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Home / Articles / Opinion / News Quirks /  Look Ma, No Eyes
News Quirks

Look Ma, No Eyes

By Roland Sweet
Posted // April 28,2010 -

Curses, Foiled Again
Albert Bailey, 27, and a 16-yearold accomplice phoned a bank in Fairfield, Conn., and said they’d be by in 10 minutes to pick up $100,000 in large bills. Their call warned no dye packs and threatened “a blood bath” if the money wasn’t ready. Bank officials immediately notified police, who showed up in time to stop the suspects after they picked up the money but before they could make their getaway. The robbers got what they wanted but “didn’t expect police to be in the take-out line,” police Sgt. James Perez noted, adding, “You can’t make this stuff up.” (Connecticut Post)

Reasonable Explanations
After police arrested Anthony Coffman, 28, for using a hunting knife to cut open meat packages in a supermarket in Edinburgh, Ind., and then throwing the raw meat on the floor, Coffman explained he’s a vegetarian and gets upset when others eat beef. He insisted God sent him to ruin the meat, adding he was trying to save little girls from food he believes would make them “chubby.” “He thought if he could save one chubby girl, he’s done his job,” police Deputy Chief David Lutz said. (WRTV News)

After a late-night argument with his wife, Gerald Lancaster, 84, fired a gunshot as she left their home in Houston, Texas, then went back inside. He didn’t come out when police arrived and remained inside for nearly six hours, even after a SWAT team arrived on the scene and tried to coax him out with phone calls and pleas from a bullhorn. At one point, they even fired tear gas into the home, but he still didn’t come out. Finally, officers broke through the door and arrested Lancaster peacefully. He explained to authorities that he hadn’t responded to their efforts because he was asleep during much of the standoff and didn’t realize police officers had surrounded his home. (Houston Chronicle)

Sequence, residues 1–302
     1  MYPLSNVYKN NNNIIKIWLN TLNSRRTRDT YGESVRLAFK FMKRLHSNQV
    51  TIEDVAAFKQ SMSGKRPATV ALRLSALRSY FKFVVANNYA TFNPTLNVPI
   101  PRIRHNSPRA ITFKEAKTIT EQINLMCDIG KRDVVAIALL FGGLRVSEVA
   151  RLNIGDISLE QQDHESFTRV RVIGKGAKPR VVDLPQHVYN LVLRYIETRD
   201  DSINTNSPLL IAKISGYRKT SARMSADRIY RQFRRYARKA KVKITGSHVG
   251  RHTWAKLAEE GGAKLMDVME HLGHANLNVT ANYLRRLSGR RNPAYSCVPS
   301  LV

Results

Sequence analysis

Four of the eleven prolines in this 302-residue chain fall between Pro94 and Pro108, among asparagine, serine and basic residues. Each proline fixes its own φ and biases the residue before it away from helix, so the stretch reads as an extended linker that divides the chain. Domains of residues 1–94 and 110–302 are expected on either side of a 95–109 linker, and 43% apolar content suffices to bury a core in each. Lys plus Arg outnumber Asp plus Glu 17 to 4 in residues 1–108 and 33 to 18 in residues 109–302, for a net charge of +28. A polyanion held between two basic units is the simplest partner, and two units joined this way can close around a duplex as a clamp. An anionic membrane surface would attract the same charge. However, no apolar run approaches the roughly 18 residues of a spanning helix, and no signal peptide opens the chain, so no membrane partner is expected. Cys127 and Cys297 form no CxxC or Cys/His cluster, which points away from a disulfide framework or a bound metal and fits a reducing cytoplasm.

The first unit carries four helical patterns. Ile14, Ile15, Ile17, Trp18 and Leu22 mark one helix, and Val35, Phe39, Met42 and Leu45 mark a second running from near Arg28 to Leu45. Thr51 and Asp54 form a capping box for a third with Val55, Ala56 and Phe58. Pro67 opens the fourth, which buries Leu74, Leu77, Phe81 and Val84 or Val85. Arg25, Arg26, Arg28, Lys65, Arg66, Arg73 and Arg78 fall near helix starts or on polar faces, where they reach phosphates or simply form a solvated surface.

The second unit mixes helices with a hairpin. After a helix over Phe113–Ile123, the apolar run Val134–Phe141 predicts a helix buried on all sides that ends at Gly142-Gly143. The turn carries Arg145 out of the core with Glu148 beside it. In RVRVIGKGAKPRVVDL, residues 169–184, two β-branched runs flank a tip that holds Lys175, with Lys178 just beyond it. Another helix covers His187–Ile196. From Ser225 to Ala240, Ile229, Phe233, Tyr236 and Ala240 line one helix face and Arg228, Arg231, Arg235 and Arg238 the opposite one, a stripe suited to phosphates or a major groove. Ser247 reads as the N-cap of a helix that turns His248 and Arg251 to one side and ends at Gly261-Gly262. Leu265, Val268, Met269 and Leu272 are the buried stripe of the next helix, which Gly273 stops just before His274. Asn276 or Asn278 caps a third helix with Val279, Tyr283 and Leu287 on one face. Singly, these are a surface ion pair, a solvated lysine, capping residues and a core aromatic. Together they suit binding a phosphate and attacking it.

Look Ma, No Eyes
Turkish pop singer Metin Senturk, who has been blind since he was 3, wept for joy after learning that he had become the world’s fastest unaccompanied blind driver. His average speed of 292.89 kph broke the previous record of 284 kph, held by a British bank manager. Former rally driver Volkan Isik followed Senturk in a separate vehicle and guided him by radio. (Reuters)

• Collier Sims, 24, won the first known blindfencing competition, held at the Carroll Center for the Blind in Newton, Mass. “A lot of the fencing actions that we do, we can apply them to everyday life,” said the competition’s organizer, Cesar Morales, fencing coach at the Perkins School for the Blind in Watertown, Mass., explaining that learning to use a fencing foil is similar to learning to use a white cane to navigate. (The Boston Globe)

Well-Heeled Thief
South Korean police arrested a 59-year-old man suspected of stealing shoes, which Koreans customarily remove before entering homes, restaurants and funeral parlors. A subsequent search found 170 boxes packed with 1,700 pairs of expensive designer shoes, sorted by size and brand. “Shoe theft is not unusual here,” Detective Kim Jeong-gu said. “But we gasped at this one.”

The suspect, identified only by his last name, Park, is a former used-shoe vendor, convicted twice in the past five years of pilfering shoes. He was on parole when police spotted him outside the Samsung Medical Center funeral parlor. They observed him return several times pretending to be a mourner and swapping cheap shoes for expensive ones. (The New York Times)

Green Acres
Detroit officials plan turning a quarter of the 139-squaremile city into fields and farms. Mayor Dave Bing said the city faces a $300 million budget deficit and dwindling tax base, and can’t continue to provide police and fire protection and other city services to all areas. The plan to “downsize” the heavily industrial city calls for large demolition swaths to cut through 91,000 vacant residential lots and 33,000 empty houses in blighted neighborhoods, creating pockets of green, semi-rural surrounding surviving neighborhoods. The biggest obstacle to implementation is getting hundreds of millions of dollars from the federal government to buy land, raze buildings and relocate residents, since the city has no money. (Associated Press)

Compiled from the nation’s press by Roland Sweet. Authentication on demand.

 
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